Living Labs, Omineca Arts and Two Rivers Gallery are pleased to present a summer workshop in traditional and contemporary Aboriginal Arts practices in Prince George, BC.
Beading a Caribou-Hair Tufting Workshop
6:30 – 9:30 pm, June 5, 6 and 8, 2017
Omineca Arts Centre – 1119 3rd Avenue, Prince George BC
Learn and share traditional and contemporary beading and caribou-hair tufting practices in this 3-evening workshop led by Metis artist Kim Stewart and Brenda Crabtree (Nlaka’pamux and Sto:lo).
This workshop brings together a community of learners who are passionate about preserving and perpetuating traditional and contemporary Canadian Aboriginal art practices. We will begin with basic techniques, though individuals may want to experiment with contemporary materials and images. The purpose of this workshop is to share traditional and contemporary aboriginal knowledge between generations and communities, build community, foster a sense of wellness in participants, and cultivate sustainable art-making practices.
Ages 16+ All skill levels welcome. Supplies provided.
Registration in this workshop has now closed – see ominecaartcentre.com for more upcoming opportunities.
Brenda Crabtree (Nlaka’pamux and Sto:lo) is the Aboriginal Program Manager at Emily Carr University of Art + Design and member of the Spuzzum Band. She received her BA and MA (Cultural Anthropology) from Western Washington University. Her weaving focuses on traditional fibers such as inner cedar bark, cedar roots and spruce roots, as well as wool. Crabtree has extensive experience developing innovative and community-driven models for inter-generational and inter-community knowledge sharing of Aboriginal Art Forms. From 2013-2016, she developed and led Urban Access to Aboriginal Art, which brought First Nations youth, adults and elders from communities across BC to Vancouver to participate in a month-long intensive studio at Emily Carr University. Mentors and leaders included Eugene Harry, cultural leader (Squamish); Laura Wee Lay Laq, elder and culture leader (Sto:lo); Luke Parnell, (Nisga’a/Haida); Xwa-Lack-Tun, (Squamish); Tamara Skubovius, (Tahltan); and Michelle Sound, (Métis). Participants were equally diverse in Aboriginal ancestry, representing Haida, Métis, Nuu-chah-Nulth, Cree, Mohawk, Okanagan, Wet’suwet’en, Coast Salish, Nisga’a, and Huron/Mikmaq/Algonquin. Supported by the Vancouver Foundation, Canada Council for the Arts, and the Leon and Thea Koerner Foundation, the intent of Urban Access was to foster intergenerational Aboriginal learning and mentorship, revitalize indigenous art forms, and community building.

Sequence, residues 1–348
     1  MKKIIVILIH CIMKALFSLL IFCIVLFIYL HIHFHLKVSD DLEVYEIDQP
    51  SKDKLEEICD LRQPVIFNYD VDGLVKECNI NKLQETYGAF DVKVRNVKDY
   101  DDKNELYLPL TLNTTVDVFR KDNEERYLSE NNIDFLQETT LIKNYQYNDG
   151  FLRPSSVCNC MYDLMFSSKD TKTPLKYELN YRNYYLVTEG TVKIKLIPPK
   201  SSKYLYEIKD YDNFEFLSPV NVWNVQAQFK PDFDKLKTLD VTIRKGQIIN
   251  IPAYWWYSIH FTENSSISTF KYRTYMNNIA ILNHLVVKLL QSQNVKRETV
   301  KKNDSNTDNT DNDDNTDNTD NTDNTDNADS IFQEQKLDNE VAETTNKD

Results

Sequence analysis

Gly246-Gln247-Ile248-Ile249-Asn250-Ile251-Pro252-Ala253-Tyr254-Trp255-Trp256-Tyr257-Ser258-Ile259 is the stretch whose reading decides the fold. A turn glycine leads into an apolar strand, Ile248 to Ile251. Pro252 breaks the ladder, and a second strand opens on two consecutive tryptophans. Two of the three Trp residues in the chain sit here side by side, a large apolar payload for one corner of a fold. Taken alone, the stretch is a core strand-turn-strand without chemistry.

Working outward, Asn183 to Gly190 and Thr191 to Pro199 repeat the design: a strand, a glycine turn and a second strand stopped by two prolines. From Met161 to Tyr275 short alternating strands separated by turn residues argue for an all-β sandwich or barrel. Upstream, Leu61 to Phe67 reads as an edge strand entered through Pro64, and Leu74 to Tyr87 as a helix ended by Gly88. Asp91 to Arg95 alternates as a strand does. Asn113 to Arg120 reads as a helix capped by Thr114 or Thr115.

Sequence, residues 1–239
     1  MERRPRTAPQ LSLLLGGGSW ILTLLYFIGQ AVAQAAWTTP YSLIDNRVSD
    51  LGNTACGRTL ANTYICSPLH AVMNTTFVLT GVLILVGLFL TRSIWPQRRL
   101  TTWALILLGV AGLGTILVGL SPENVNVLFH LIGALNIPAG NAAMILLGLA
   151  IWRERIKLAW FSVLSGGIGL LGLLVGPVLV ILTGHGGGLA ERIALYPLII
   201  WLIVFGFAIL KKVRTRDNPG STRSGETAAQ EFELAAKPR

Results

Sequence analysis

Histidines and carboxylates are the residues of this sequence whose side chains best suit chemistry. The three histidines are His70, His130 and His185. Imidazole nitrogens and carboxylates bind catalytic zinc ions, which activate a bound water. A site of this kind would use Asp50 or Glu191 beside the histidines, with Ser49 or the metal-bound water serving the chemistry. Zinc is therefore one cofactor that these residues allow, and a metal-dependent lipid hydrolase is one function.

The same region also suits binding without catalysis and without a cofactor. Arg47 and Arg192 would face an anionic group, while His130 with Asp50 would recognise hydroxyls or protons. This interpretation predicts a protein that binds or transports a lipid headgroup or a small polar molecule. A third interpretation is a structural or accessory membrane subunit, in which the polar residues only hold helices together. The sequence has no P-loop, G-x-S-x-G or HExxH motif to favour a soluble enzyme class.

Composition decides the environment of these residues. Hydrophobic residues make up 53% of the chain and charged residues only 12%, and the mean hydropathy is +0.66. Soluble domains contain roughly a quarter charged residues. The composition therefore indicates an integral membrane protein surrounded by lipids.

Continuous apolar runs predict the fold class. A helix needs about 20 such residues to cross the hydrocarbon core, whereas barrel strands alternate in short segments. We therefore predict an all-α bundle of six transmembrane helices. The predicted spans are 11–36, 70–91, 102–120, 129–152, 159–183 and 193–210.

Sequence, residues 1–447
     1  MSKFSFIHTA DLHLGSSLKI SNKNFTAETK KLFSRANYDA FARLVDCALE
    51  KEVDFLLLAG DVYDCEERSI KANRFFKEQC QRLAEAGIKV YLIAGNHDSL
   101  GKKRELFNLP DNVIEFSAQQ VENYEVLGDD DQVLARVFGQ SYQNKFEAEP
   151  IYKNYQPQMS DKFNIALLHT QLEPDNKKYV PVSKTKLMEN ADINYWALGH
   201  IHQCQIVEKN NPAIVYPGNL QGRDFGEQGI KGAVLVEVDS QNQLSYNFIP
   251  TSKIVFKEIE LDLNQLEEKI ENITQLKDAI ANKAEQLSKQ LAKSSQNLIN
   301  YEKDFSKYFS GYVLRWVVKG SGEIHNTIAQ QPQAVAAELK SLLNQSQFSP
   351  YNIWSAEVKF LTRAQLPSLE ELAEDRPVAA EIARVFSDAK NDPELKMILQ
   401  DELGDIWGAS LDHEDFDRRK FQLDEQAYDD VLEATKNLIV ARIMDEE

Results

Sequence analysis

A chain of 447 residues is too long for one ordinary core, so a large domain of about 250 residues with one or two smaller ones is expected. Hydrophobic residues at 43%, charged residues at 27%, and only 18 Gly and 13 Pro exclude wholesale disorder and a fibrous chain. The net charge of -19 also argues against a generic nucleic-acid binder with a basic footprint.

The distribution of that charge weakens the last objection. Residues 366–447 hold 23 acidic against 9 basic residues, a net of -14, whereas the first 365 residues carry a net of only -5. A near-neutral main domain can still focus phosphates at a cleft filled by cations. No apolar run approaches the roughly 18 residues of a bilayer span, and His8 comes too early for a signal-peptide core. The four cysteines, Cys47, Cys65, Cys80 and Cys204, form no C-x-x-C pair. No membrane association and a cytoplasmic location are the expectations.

Kim Stewart has been working in the field of visual arts for more than 20 years. Born in the Athabasca, AB area, she is a descendant of a Canadian Métis Fur Trade family with Scottish, French, European and Cree ancestry. Stewart is interested in exploring cultural adaptation and singular v.s. group identity through her studio practice. She often combines traditional aboriginal art forms, historical documents, photos and contemporary art disciplines in her work to help illuminate and reconstruct stories, opinions, and values from her past. Stewarthas earned diplomas in Fine Art, Graphic Design and Illustration and holds a Masters Degree from SFU in Art Education. Stewart has exhibited, presented artist’s talks and taught classes at Two Rivers Gallery and along with her artistic practice, teaches visual arts at the College of New Caledonia in Prince George, BC.